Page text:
As vegetarians, other than questions about where we get our protein, one of the most common questions we face is, “how do you get your iron?” So what exactly is iron, why do we need it, how much do we need, and what are the best food sources for vegetarians? Let’s break it down.
Iron is an essential mineral, the single most common element on earth (by mass), and one that is naturally present in many foods. It’s also added to other foods (via fortification), and is available as a dietary supplement.
Iron is a part of each and every one of the cells in our body, and plays an important role in many of our bodily functions. It’s is an essential component of the protein hemoglobin, which carries oxygen from our lungs to tissues all around our bodies. It’s also a component of another protein called myoglobin, which helps our muscles both store and use oxygen. Iron is an important part of many enzymes, and is necessary for growth, development, cellular function, and the synthesis of some hormones and connective tissue. In other words, it’s pretty important stuff!
This varies a bit from person to person. Adult men and women of menopausal age require only 8mg/day. Women of childbearing age need 18mg/day and during pregnancy that gets bumped up to 27mg/day.
Not getting enough iron in your diet can result in iron deficiency, which ranges from simply having depleted iron stores, all the way to iron deficiency anemia, which is the most severe form of iron deficiency, and affects the operation of several major organ systems. According to the Center for Disease Control, iron deficiency is the most common nutritional deficiency in the US.
Signs of iron deficiency anemia can include:
Someone in the early stages of iron deficiency may have no symptoms, so it is important for at-risk groups (such as adolescent girls, pregnant women, some vegetarians, and young children) to be screened. If you’re concerned that you might be iron deficient, speak to your doctor, who can arrange for blood tests.
Dietary iron has two main forms: heme and nonheme. Animal foods such as meat, poultry, and fish contain both heme and nonheme iron, whereas plants and fortified foods contain nonheme iron only.
Unfortunately for us vegetarians, nonheme iron is not absorbed as readily by the body as heme iron is. Additionally, many plant foods contain compounds, such as phyates and polyphenols, that actually interfere with iron absorption. Because of this, the recommended daily intake of dietary iron can be up to 1.8 times higher for vegetarians than for people who eat meat. Calcium from milk or dairy products can also decrease the amount of iron absorbed at a meal. But, foods containing vitamin C can enhance absorption of nonheme iron when eaten at the same meal.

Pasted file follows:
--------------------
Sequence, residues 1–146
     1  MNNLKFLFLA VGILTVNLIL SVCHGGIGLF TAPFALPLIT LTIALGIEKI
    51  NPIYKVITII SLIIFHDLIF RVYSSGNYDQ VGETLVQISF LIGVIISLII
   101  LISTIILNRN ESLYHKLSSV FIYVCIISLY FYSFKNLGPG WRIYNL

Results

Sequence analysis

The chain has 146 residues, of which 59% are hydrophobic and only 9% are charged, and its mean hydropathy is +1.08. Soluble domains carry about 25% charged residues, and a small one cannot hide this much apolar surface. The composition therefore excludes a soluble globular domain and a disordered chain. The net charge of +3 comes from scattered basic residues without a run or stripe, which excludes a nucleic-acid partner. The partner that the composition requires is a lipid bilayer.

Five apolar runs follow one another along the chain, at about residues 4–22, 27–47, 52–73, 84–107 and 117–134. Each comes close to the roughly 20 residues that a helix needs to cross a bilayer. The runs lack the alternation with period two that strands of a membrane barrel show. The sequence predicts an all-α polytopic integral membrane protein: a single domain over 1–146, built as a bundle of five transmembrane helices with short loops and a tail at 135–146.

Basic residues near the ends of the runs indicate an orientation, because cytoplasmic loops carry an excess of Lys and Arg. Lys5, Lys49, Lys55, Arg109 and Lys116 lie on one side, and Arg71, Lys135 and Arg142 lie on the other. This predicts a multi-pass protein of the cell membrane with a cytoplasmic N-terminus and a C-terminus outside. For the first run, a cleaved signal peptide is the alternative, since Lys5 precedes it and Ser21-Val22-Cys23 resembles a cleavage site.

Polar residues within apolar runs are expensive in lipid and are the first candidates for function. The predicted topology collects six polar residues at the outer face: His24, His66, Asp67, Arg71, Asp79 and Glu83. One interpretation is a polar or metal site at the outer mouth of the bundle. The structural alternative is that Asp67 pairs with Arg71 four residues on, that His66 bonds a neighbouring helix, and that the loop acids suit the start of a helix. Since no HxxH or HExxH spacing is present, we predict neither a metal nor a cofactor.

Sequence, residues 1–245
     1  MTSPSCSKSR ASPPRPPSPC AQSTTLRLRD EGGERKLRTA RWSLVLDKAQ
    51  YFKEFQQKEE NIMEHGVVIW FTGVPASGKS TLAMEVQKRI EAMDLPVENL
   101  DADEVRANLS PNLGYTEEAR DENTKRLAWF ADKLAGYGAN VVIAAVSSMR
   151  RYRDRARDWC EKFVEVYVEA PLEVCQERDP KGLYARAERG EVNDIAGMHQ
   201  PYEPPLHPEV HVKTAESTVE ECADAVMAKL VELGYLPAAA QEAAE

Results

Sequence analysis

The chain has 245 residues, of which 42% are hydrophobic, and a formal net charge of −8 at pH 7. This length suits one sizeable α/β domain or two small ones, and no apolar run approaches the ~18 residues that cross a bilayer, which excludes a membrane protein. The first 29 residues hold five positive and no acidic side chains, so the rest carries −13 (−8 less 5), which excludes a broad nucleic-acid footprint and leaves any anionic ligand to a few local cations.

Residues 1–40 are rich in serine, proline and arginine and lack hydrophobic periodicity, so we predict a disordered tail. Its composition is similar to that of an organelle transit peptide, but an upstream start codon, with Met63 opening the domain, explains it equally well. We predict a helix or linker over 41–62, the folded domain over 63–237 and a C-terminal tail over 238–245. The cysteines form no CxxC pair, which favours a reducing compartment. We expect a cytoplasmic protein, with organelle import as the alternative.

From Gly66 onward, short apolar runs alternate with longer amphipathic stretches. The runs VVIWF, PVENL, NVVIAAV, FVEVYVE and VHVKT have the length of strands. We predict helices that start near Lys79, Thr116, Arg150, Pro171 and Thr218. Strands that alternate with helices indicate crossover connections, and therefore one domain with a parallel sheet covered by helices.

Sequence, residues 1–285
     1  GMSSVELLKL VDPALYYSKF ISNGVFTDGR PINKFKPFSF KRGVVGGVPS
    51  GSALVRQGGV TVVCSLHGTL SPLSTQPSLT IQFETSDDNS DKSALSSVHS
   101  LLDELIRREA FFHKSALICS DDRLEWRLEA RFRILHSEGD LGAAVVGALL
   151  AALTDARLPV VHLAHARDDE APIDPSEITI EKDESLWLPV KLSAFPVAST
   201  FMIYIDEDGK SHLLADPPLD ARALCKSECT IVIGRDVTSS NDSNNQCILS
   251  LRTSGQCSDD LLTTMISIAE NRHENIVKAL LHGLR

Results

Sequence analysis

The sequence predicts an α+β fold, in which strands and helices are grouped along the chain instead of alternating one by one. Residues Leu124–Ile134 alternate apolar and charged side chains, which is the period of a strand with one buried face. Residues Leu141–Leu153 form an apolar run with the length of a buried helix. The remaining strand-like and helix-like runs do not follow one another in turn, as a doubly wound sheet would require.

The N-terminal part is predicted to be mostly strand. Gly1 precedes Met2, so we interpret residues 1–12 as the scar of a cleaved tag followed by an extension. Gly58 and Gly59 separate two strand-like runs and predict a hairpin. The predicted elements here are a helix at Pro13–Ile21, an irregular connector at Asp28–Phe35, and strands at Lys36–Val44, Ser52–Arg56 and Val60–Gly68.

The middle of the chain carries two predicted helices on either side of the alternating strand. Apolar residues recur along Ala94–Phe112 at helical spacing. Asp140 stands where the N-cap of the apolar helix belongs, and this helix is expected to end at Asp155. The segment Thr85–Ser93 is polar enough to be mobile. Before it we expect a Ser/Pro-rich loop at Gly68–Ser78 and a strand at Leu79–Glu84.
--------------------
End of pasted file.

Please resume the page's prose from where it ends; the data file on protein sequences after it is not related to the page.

For most people who eat a balanced diet, these issues of increasing or decreasing absorption are a non-issue. Vegetarians need to pay a bit more attention since we don’t consume easily absorbed heme iron, and many of the foods we eat contain compounds that impede the absorption of nonheme iron.
Despite this, it’s important to note that iron deficiency is no more common in vegetarians than it is in the rest of the population. This is likely due to the balanced plant-based diet that many vegetarians consume which includes a mix of iron rich foods like legumes, seeds, and leafy greens, which also happen to be a good source of vitamin C.
Good vegetarian food sources of iron include:
Dried fruits can also be a good source as they are often dried in iron pans, and cooking acidic foods such as tomatoes in cast-iron cookware increases iron content of the food.
Also good news for vegetarians is the fact that many of those iron-rich foods, such as broccoli and bok choy, are rich in vitamin C. Otherwise, pairing foods at the same meal, such as a spinach salad with slices of orange, helps with the absorption of nonheme iron.
Since the calcium in milk and the tannins in tea both impair iron absorption, you may want to avoid drinking either of those with your meal. Stick to water and enjoy tea after dinner instead. This is also something to consider if you like making green smoothies–I don’t recommend putting dairy in a green smoothie since the calcium can interfere with iron absorption, and some of the compounds in the greens can impair calcium absorption, so it’s a lose-lose situation.
Many foods, such as cereals, flours, pasta, rice, and non-dairy milks, are also fortified with nonheme iron, and can contribute to your daily iron intake. In fact, in the US up to half the dietary iron intake is said to come from fortified cereal grains and their products.
Depending on your diet, age, and other lifestyle factors, you may or may not need one. I’ve been vegetarian for over 20 years and have never needed a supplement. But, there are many factors aside from diet that could contribute to needing an iron supplement, such as illness, heavy menstruations, some stomach and intestinal conditions, and pregnancy.
The only way to find out for sure if you need a supplement is to see your doctor and get a blood test. There are also a variety of iron supplements on the market, so you should speak to your doctor about which one best meets your needs.
As with many things, balance is key. Since many vegetarian foods interfere with iron absorption, eating a varied diet that includes legumes, dark leafy greens, and some soy products is advisable. If you’re concerned about iron deficiency or wondering whether supplementation is right for you, speak to your doctor. Now go cook some tomatoes in an iron pan!
Spinach image via Shutterstock
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